• So true so true! We have “rights” as we well should have! And basically we have the right to make horrible decisions and live in a life style choice that others do not understand. And so often our “job” position are asked to force change. I feel horrible telling desperate people that I can’t “make” anyone “do” anything. And it is a choice.

      Sadly though, I do think there are those rare circumstances where “a” persons right to make decisions has to come second to the those of the well being of the greater good (people).

      I understand the similarities you point out.

      And actually have seen person with ‘a’ mental illness choose to not do something that would help them feel “better” because the side effect of what it does to them is “worse” than the “cure”.


  5. That is so true. I noticed/realized that people with mental illness know what they have and know what people think of them especially when they are well medicated so it’s important that we show sympathy to them and treat and respect them like normal people…


  6. Well written/said. You summed it up all so well in your last paragraph. I have a friend whose son is terrorizing her and the rest of her family, a boy who desperately needs help, yet there is no help to be found unless and until something very serious happens. There has got to be a better way…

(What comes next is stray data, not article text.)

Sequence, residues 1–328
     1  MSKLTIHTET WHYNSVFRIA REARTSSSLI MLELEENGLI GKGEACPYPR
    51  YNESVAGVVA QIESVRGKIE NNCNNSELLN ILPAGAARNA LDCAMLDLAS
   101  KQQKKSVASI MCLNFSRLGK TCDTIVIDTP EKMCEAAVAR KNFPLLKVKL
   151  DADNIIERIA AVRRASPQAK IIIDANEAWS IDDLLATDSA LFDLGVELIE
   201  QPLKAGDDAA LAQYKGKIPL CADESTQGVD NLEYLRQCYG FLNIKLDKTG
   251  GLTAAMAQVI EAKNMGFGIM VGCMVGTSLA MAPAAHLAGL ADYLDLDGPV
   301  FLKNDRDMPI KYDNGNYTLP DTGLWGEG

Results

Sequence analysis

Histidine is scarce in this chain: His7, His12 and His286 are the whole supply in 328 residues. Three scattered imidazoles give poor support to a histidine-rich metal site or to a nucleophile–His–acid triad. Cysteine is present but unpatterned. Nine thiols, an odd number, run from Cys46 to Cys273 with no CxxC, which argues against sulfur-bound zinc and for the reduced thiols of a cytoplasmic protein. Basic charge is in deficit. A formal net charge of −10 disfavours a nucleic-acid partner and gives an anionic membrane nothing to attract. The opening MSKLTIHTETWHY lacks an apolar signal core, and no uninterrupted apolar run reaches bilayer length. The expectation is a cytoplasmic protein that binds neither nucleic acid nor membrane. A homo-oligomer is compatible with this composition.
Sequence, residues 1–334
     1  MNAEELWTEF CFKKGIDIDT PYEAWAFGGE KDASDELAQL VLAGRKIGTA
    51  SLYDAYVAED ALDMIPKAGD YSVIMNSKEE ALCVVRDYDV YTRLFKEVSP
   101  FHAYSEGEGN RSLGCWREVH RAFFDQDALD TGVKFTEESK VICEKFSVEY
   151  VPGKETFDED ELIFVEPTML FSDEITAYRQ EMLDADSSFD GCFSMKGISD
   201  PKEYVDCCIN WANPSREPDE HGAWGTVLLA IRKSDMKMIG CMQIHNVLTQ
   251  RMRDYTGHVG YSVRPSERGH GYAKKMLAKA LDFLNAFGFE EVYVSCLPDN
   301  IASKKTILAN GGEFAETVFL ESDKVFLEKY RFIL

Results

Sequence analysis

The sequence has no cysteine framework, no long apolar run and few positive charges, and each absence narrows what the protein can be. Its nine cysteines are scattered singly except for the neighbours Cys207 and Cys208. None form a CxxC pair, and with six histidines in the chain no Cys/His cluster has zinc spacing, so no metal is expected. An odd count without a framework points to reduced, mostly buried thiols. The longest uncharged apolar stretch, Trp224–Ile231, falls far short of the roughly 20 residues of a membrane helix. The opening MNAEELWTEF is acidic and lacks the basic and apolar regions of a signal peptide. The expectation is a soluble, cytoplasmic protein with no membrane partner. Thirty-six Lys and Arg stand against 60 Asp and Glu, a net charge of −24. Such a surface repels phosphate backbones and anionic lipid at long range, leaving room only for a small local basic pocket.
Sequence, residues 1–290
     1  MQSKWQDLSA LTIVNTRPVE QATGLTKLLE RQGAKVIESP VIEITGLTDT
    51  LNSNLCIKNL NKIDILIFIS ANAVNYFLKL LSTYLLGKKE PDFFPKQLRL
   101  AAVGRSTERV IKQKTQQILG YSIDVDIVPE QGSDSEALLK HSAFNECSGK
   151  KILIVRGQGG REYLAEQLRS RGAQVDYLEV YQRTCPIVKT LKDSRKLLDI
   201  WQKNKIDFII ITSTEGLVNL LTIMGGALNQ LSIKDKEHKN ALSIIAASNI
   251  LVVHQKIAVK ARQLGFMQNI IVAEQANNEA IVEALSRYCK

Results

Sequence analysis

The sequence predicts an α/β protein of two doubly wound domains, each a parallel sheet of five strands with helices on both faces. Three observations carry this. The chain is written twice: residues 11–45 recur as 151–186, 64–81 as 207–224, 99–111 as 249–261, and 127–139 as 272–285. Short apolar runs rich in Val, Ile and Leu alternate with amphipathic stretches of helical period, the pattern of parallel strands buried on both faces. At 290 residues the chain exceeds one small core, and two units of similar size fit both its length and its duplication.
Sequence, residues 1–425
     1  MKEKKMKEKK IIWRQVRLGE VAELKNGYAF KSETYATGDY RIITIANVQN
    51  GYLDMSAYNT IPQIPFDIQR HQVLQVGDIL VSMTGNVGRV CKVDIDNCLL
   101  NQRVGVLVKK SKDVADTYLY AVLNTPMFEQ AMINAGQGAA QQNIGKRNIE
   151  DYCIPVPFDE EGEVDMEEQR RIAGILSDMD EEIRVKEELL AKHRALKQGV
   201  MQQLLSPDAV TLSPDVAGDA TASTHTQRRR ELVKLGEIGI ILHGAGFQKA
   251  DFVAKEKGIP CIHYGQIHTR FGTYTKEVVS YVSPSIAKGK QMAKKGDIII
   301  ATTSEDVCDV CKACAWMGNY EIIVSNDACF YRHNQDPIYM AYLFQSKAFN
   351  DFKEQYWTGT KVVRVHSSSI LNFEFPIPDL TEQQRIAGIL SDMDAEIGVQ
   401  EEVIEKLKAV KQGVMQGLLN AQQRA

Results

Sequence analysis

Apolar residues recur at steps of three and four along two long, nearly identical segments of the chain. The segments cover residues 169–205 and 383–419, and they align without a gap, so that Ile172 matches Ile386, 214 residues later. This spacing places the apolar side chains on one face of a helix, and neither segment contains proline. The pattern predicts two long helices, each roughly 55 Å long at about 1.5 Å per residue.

• Oh Robin I feel so badly for your friend. All too often I have had that same discussion with families and concerned friends “…no one can force….when this or this happens be ready to act….”

      There must be a better way.


  7. I’m with you, Colleen. “I don’t fear mental illness, I fear what we are NOT doing.” Too many people labeled with mental illnesses are slipping through the cracks. I can’t imagine how troubling the recent events have been for you, especially because of your delicate work environment.


    • I’ve read a good bit, or enough any way, of past treatments for the mentally ill and am horrified by what humans have inflicted on others. We still do it in some ways, though different ways, today.